This is the story of the interpreters for the Macartney embassy: Li Zibiao and George Thomas Staunton. Both grew up between Europe and China and gained a deep knowledge of the other’s languages, society and culture, but that knowledge was never used because of the growing conflict between China and Britain in the early nineteenth century. I argue that some Chinese people knew much more about the West than is usually acknowledged and we should look instead at the reasons why that knowledge did not reach senior decision makers.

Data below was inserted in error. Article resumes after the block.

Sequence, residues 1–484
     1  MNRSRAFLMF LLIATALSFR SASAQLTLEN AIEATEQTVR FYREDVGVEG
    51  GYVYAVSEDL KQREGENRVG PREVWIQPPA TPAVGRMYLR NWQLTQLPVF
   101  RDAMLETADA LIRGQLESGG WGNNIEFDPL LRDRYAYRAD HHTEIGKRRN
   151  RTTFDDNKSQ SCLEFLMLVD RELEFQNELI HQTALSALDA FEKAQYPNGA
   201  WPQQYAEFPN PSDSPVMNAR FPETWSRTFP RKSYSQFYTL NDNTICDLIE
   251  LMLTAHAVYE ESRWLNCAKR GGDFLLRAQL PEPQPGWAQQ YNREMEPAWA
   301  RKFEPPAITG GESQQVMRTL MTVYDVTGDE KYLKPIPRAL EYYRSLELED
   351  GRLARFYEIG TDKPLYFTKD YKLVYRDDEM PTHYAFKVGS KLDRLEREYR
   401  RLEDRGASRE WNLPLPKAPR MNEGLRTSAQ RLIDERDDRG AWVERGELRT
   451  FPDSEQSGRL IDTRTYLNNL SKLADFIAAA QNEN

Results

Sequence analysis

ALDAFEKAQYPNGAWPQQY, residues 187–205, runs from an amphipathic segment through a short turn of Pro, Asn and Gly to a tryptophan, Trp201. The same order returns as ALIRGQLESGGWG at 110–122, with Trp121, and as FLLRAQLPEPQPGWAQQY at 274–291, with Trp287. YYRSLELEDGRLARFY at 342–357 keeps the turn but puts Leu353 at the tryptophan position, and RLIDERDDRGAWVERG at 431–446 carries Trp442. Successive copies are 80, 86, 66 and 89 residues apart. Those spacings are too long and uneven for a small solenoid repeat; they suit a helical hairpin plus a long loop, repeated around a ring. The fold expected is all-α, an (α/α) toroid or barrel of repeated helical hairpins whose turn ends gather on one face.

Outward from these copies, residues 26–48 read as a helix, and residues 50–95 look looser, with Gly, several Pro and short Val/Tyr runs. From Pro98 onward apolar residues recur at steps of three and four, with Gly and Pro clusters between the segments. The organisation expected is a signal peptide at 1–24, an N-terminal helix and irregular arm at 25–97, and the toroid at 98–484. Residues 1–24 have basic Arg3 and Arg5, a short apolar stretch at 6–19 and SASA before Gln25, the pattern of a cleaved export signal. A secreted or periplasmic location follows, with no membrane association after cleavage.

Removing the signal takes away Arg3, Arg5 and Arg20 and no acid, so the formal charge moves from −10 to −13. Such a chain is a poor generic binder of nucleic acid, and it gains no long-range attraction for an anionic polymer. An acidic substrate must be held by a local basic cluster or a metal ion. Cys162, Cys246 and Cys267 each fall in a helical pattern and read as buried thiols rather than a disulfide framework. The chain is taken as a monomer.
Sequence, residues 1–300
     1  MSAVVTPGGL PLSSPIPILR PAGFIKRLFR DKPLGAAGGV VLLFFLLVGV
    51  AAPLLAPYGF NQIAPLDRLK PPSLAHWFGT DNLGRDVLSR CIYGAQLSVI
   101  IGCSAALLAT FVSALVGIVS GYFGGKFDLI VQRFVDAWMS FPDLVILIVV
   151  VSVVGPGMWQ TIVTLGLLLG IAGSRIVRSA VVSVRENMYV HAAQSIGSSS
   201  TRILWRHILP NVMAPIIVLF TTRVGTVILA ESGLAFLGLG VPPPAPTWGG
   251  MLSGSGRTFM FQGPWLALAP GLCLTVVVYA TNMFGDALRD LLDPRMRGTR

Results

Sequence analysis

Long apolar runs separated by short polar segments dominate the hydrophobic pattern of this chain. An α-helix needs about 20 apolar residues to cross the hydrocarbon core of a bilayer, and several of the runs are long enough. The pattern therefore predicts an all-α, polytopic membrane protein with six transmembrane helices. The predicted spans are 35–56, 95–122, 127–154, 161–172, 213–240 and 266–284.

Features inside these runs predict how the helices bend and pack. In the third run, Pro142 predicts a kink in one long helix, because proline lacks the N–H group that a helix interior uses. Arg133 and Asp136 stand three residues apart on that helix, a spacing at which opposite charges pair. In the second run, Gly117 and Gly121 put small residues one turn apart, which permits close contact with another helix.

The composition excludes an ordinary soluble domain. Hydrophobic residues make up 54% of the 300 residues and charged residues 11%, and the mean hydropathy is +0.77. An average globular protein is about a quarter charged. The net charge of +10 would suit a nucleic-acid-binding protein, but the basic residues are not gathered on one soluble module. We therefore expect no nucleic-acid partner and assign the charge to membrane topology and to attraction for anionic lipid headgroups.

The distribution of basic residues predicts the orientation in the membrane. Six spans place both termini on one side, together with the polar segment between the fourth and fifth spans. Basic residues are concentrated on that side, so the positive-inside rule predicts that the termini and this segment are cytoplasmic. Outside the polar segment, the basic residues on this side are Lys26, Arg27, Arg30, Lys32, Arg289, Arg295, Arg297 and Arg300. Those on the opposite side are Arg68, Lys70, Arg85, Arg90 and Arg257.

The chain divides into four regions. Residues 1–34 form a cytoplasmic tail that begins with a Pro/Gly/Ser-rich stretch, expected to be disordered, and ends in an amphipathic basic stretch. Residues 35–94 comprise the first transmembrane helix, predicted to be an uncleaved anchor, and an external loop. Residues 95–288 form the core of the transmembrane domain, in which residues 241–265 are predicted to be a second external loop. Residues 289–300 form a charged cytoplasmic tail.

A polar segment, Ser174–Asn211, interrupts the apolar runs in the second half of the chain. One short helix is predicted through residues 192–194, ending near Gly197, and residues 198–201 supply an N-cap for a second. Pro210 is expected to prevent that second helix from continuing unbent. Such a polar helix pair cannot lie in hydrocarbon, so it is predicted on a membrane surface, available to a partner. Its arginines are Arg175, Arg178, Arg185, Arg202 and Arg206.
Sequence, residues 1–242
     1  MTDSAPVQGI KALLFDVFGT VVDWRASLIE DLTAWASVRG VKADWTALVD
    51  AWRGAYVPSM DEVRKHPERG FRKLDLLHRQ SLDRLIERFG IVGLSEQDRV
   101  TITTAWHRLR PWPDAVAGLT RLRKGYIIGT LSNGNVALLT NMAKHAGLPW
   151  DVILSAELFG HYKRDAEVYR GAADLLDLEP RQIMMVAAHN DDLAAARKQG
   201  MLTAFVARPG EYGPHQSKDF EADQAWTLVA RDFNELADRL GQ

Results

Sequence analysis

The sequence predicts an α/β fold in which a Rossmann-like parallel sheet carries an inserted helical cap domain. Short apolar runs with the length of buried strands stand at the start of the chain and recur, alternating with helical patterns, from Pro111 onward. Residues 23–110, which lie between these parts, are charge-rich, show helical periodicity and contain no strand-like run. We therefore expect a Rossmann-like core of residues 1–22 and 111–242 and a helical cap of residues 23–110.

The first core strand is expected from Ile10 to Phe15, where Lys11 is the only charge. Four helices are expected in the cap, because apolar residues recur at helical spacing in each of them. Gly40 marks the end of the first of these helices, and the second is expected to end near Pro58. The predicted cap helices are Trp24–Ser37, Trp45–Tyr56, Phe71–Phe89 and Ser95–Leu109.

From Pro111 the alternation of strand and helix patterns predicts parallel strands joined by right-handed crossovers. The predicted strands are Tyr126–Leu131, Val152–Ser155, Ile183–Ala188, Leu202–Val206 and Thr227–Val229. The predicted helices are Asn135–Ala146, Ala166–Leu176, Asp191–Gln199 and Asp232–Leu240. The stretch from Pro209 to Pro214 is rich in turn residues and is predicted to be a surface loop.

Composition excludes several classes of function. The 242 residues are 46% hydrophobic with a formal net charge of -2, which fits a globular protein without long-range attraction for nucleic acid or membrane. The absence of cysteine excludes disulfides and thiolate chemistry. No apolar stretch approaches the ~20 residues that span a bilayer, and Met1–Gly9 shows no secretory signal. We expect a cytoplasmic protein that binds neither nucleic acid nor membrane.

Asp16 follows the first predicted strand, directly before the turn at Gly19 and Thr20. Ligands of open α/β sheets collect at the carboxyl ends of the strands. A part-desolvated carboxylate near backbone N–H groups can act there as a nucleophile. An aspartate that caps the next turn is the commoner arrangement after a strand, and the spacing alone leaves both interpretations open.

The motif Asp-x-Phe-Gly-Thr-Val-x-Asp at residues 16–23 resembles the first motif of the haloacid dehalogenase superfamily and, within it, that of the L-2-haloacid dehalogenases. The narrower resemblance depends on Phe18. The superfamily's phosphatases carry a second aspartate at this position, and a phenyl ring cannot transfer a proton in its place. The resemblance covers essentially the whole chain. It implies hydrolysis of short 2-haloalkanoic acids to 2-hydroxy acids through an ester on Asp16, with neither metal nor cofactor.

Henrietta Harrison is Professor of Modern Chinese Studies at the University of Oxford and a fellow of Pembroke College. Before Oxford she taught at the University of Leeds and then at Harvard. Her books include The Man Awakened from Dreams: One Man’s Life in a North China Village 1857-1942 (Stanford University Press, 2005) and The Missionary’s Curse and Other Tales from a Chinese Catholic Village (University of California Press, 2013). The Perils of Interpreting (Princeton University Press, 2022) was winner of the Kenshur Prize in Eighteenth Century Studies, shortlisted for the Cundill History Prize, and listed as one of History Today’s books of the year.